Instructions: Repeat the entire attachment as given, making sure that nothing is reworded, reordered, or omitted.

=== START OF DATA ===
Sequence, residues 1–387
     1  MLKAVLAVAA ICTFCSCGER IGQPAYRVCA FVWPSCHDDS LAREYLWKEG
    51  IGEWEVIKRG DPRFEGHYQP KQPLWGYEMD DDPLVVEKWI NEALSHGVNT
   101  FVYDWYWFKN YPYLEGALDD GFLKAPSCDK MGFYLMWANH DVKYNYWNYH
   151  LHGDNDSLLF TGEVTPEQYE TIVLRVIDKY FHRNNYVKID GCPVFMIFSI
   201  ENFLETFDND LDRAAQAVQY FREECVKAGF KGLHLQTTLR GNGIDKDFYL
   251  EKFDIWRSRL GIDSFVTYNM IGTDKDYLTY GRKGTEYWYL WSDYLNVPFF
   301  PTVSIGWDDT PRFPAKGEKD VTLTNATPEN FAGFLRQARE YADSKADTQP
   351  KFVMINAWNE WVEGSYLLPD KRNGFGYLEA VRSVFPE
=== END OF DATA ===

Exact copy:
Sequence, residues 1–387
     1  MLKAVLAVAA ICTFCSCGER IGQPAYRVCA FVWPSCHDDS LAREYLWKEG
    51  IGEWEVIKRG DPRFEGHYQP KQPLWGYEMD DDPLVVEKWI NEALSHGVNT
   101  FVYDWYWFKN YPYLEGALDD GFLKAPSCDK MGFYLMWANH DVKYNYWNYH
   151  LHGDNDSLLF TGEVTPEQYE TIVLRVIDKY FHRNNYVKID GCPVFMIFSI
   201  ENFLETFDND LDRAAQAVQY FREECVKAGF KGLHLQTTLR GNGIDKDFYL
   251  EKFDIWRSRL GIDSFVTYNM IGTDKDYLTY GRKGTEYWYL WSDYLNVPFF
   301  PTVSIGWDDT PRFPAKGEKD VTLTNATPEN FAGFLRQARE YADSKADTQP
   351  KFVMINAWNE WVEGSYLLPD KRNGFGYLEA VRSVFPE